Compensation : Workipedia.ca

Compensation

How you pay your employees is important for your business. Are you paying enough to be competitive with the industry, are you treating employees fairly? If you pay too little, you may have difficulty hiring or keeping employees, pay too much and you may have issues with absenteeism. Having a good compensation program ensures that employees feel valued, which encourages motivation, productivity and the length of time an employee will stay with your organization.

Your goals in developing a compensation program should be to:

  • make salary decisions based upon qualifications for the job, contributions, performance, equity and budget considerations;
  • encourage and reward good performance
  • provide salary increases, when appropriate, within available funding;
  • motivate employees by demonstrating the link between performance and pay.

Here are some common steps to develop a salary structure for your company.

  1. Establish a compensation philosophy. Each employer needs a policy which outlines their desired market position. You want to pay within a certain percentage of what other employers are paying (called percentile). Many organizations try to stay within the 50th percentile. to remain competitive. Its also important to understand who your comparators are (companies similar to yours). You will want to compare what you pay to what they pay.   A good compensation policy provides guidance for the development of your salary structure.
  2. Gathering your market data. Salary surveys are available online and or can be purchased through many organizations. There are also many free online resources that can assist such as www.payscale.com
    Its best to use salary surveys with your identified comparators and to have at least 3 survey resources to ensure your data is accurate. Surveys should also be sector specific and regional. Smaller cities do not pay as much as larger cities, so this can be a factor when determining salary information.
  3. Identify your benchmark jobs.  Benchmark jobs are those standards jobs that tend to be the same across every organization such as Executive Secretary, Accountant, Human Resources Clerk, Payroll Supervisor. Benchmark jobs are easy to understand and match to, and will appear in salary surveys.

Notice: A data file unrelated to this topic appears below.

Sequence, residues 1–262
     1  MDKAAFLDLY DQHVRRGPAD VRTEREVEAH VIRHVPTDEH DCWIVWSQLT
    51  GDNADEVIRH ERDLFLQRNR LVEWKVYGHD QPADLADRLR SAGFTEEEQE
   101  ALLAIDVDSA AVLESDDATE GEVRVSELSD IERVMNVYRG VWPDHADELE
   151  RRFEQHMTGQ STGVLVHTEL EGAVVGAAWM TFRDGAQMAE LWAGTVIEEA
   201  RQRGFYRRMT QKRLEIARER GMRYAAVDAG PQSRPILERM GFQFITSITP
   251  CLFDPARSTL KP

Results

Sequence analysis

4. Set up your job hierarchy. Identify the lowest paid job (typically entry level) and the highest paid job in your company – sticky notes are great for this. Set up your hierarchy and utilize some of the benchmark jobs to identify where these sit in the salary grids. Your budget will also determine what you can pay and what your grids should look like.
  5. Set up your wage scales – These scales will determine what you pay for each job that falls within a certain job family. Typically these scales will have salary tables called bands and several steps within those bands to reach what the job is worth on the market.
BAND Step 1 Step 2 Step 3 Step 4 Step 5
BAND A $134,209 $138,235 $142,382 $146,653 $151,053
BAND B $119,830 $123,425 $127,128 $130,942 $134,870
BAND C $106,991 $110,201 $113,507 $116,912 $120,419
BAND D $95,527 $98,393 $101,345 $104,385 $107,517


Once you’ve completed these steps – you will need to develop a Job Evaluation System in order to determine the value of a position within your organization . Job evaluation determines the value of one job in relation to others in the organization in order to ensure a fair job hierarchy and/or salary system is in place. Workipedia has a complete system for conducting job evaluation. Our compensation pay band generator can help to automatically calculate a salary table based on your lowest starting salary an our automated job evaluation tool is already programmed based on ten compensable factors.